The voice of the nearly 40 per cent of Scots who voted for the UK to leave the EU in 2016 is all but mute. No one seems interested in what they think – they are drowned out by Remainer rage and recrimination. There is almost no significant mainstream politician who identifies as a Leaver, other than in practical, get-the-job-done terms. Unloved and unheard, Scottish Brexiteers are on their own.
This is a shame because it has left the nation’s debate lacking nuance and challenge. The one million pro-Leave voters are often dismissed as batty, attic-confined relatives. Scots are universally portrayed as EU enthusiasts who are itching to rejoin and mightily pissed off at the breach being forced on them by their large southern neighbours.
It’s not as simple as that. The tartan Leavers are out there, and they are not all union jack-waving Prommers. Their number includes around a third of SNP supporters. While there’s been huge attention lavished on voters who have shifted their preference on Scottish independence from No to Yes because of Brexit, there has been little focus on those who have gone the other way. But they do exist.
For one thing, it would be an interesting piece of sociology to examine how these voters have found the years since 2016. What has it been like as a Scot who supports an era-defining policy that is so widely controversial, unpopular and mocked? What is their view of how it has divided the UK and made its break up seem considerably more likely? What do they see when they look at the bungling, the sharp practice and the Trump-like populism deployed by Boris Johnson in his pursuit of Brexit? Are they alarmed by the increasing prospect of no deal? Of the British government openly breaking the law “in a limited and specific way” and the resignation of its lawyers?
According to Nicola Sturgeon, whichever way people voted on Brexit they now believe it’s a mess. “Most people I speak to – including the minority in Scotland that voted to leave – actually just want to escape the whole sorry saga,” says the First Minister. We might not want to take her word for it.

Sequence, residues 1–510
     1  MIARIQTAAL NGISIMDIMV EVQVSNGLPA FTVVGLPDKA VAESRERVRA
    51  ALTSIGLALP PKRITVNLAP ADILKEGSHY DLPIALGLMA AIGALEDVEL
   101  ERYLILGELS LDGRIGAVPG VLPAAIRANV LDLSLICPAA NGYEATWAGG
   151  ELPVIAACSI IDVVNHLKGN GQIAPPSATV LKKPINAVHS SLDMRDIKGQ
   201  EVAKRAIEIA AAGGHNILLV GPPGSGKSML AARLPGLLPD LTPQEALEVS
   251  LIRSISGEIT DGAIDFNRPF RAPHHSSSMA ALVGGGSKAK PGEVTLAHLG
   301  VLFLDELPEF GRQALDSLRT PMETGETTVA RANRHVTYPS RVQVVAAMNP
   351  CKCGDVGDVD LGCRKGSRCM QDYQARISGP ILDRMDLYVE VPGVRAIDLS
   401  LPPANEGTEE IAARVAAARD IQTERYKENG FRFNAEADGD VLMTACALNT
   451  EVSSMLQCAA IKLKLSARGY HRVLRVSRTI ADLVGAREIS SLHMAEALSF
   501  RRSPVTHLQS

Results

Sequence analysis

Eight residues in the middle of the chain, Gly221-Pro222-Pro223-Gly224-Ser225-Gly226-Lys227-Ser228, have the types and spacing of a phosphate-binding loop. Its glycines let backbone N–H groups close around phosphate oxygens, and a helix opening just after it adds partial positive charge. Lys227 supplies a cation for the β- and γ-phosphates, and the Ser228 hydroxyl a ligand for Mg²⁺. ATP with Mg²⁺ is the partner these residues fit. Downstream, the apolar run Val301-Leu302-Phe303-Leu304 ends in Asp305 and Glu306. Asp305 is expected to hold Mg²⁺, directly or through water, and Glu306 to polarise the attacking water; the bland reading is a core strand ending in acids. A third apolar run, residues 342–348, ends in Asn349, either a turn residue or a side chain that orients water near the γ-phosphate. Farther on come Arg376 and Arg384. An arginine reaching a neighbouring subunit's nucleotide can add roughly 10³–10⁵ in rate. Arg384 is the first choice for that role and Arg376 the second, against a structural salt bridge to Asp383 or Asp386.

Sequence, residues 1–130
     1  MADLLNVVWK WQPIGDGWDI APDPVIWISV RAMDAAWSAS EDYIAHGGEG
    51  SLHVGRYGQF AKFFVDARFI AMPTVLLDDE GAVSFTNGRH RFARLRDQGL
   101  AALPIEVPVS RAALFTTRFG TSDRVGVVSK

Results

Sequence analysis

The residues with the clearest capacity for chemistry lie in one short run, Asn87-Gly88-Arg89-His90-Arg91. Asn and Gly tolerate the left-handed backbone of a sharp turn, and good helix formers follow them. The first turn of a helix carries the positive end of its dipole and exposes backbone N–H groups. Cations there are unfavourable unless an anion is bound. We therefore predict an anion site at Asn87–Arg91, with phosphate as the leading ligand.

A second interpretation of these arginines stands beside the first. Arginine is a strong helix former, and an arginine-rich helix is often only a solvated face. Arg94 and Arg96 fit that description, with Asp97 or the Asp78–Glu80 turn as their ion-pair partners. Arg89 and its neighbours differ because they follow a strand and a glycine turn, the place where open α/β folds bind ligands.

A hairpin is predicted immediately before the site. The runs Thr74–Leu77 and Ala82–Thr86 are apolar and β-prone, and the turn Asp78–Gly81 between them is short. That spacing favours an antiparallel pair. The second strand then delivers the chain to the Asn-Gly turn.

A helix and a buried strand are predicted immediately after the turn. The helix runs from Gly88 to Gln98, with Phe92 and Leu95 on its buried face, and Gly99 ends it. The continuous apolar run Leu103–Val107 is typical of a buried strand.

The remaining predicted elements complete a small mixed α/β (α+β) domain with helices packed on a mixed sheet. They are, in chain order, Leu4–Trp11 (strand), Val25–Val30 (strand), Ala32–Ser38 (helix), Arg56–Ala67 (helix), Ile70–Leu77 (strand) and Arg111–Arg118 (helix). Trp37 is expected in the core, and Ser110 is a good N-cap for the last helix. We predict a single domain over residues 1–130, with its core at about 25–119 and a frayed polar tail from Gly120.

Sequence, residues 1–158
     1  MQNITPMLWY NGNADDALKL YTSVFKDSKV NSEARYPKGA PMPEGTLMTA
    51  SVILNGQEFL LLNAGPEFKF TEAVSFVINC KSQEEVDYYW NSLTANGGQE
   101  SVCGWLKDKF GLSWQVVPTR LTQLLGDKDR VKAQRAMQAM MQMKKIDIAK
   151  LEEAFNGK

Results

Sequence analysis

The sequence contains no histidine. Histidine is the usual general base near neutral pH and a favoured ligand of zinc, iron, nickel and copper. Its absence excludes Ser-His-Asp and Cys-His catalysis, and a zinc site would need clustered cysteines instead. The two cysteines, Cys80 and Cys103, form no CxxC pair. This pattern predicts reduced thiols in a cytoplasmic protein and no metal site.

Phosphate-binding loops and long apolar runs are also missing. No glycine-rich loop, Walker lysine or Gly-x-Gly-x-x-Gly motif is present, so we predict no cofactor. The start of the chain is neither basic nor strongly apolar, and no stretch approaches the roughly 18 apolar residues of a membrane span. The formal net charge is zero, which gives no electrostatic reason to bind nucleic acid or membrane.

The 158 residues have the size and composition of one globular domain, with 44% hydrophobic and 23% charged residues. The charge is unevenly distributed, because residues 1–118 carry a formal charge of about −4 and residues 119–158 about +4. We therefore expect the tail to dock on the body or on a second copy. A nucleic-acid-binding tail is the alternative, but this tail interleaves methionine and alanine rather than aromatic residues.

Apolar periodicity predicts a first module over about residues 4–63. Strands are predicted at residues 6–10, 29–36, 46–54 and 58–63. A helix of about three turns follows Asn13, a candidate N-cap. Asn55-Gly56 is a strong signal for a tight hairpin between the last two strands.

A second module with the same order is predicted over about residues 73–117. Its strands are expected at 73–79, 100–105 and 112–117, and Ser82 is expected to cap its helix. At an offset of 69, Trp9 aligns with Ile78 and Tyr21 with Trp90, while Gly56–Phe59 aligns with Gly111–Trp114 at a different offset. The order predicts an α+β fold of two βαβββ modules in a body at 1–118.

The anti-Brexit pile-on continues. Sturgeon knows that, combined with Covid-19, the fraught EU negotiations are pushing the independence debate her way – support for the cause has risen by five or six percentage points in recent times, to what seems to be an enduring majority.
With a month left before a deal with the EU is agreed or lost, she argues that Westminster is planning a “power grab” that amounts to “a full-frontal assault on devolution”. The British government is bent on creating an “internal market” in the UK when the Brexit transition period ends on 31 December, which will ensure goods flow freely even if Scotland chooses to impose different standards. The Nats claim this would force Scottish shops to stock food farmed at a lower standard than deemed acceptable by Holyrood, such as chlorinated chicken from the US. The whole thing is an “abomination”, according to the First Minister. The Scottish Parliament will vote – tokenistically, it must be said – against the bill, and is threatening legal action.
Even prominent Conservatives are worried. MSP Adam Tomkins, a professor of constitutional law, warned this week that in breaking the law the Tory government would “be in breach of our international treaty obligations”. The party “used to be good at defending our institutions”, he added.
However, Brexit poses real challenges to the SNP’s vision of an independent Scotland. The newly-minted nation’s main market would continue to be the rest of the UK – the trade relationship is worth more than three times that with all 27 EU countries combined – but business could face fresh trade barriers and currency imbalances.
The SNP insists that a Yes vote in a referendum would include a mandate to rejoin the EU, but there are plenty of critics – even among Remainers – who warn that as a small nation Scotland would re-enter under considerably more onerous terms than the UK has enjoyed, and have little influence on important decisions. Scotland would be expected to join the euro, but would face problems meeting the debt requirements of membership (Scotland’s implicit budget deficit was 8.6 per cent of GDP in 2019-20, around six percentage points higher than the UK as a whole). Its monetary needs would arguably matter less to the European Central Bank than they currently do to the Bank of England.
It may be that, in due course, Sturgeon has to separate the issue of EU membership from independence, and promise a second referendum on the relationship. That may in fact be the sensible and necessary option.
The Brexit farrago will continue, and probably play to the SNP’s advantage. But there is more to Scotland’s position than straightforward Remainer lust. In due course, big questions must be posed and answered. The nation’s eurosceptics will be heard – and they will find allies in unlikely places.